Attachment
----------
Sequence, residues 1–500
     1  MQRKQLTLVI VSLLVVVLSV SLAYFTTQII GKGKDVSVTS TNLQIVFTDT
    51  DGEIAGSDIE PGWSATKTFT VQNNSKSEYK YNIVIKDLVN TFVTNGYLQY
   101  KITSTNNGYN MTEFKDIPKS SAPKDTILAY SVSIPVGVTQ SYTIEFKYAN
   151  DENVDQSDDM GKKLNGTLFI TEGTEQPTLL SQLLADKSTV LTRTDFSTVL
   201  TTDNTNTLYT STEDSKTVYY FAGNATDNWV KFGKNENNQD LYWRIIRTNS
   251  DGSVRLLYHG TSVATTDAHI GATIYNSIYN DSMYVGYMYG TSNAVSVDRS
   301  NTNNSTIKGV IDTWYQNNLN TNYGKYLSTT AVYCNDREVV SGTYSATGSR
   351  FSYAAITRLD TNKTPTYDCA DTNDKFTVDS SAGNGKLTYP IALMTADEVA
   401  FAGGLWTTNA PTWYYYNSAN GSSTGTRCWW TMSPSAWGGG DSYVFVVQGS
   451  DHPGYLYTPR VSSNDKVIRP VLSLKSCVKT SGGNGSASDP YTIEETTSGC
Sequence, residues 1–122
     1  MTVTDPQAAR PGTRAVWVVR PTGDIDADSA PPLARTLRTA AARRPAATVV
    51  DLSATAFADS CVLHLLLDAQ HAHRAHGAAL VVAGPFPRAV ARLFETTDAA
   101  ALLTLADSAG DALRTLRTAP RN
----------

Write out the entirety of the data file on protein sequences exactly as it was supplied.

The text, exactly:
Sequence, residues 1–500
     1  MQRKQLTLVI VSLLVVVLSV SLAYFTTQII GKGKDVSVTS TNLQIVFTDT
    51  DGEIAGSDIE PGWSATKTFT VQNNSKSEYK YNIVIKDLVN TFVTNGYLQY
   101  KITSTNNGYN MTEFKDIPKS SAPKDTILAY SVSIPVGVTQ SYTIEFKYAN
   151  DENVDQSDDM GKKLNGTLFI TEGTEQPTLL SQLLADKSTV LTRTDFSTVL
   201  TTDNTNTLYT STEDSKTVYY FAGNATDNWV KFGKNENNQD LYWRIIRTNS
   251  DGSVRLLYHG TSVATTDAHI GATIYNSIYN DSMYVGYMYG TSNAVSVDRS
   301  NTNNSTIKGV IDTWYQNNLN TNYGKYLSTT AVYCNDREVV SGTYSATGSR
   351  FSYAAITRLD TNKTPTYDCA DTNDKFTVDS SAGNGKLTYP IALMTADEVA
   401  FAGGLWTTNA PTWYYYNSAN GSSTGTRCWW TMSPSAWGGG DSYVFVVQGS
   451  DHPGYLYTPR VSSNDKVIRP VLSLKSCVKT SGGNGSASDP YTIEETTSGC
Sequence, residues 1–122
     1  MTVTDPQAAR PGTRAVWVVR PTGDIDADSA PPLARTLRTA AARRPAATVV
    51  DLSATAFADS CVLHLLLDAQ HAHRAHGAAL VVAGPFPRAV ARLFETTDAA
   101  ALLTLADSAG DALRTLRTAP RN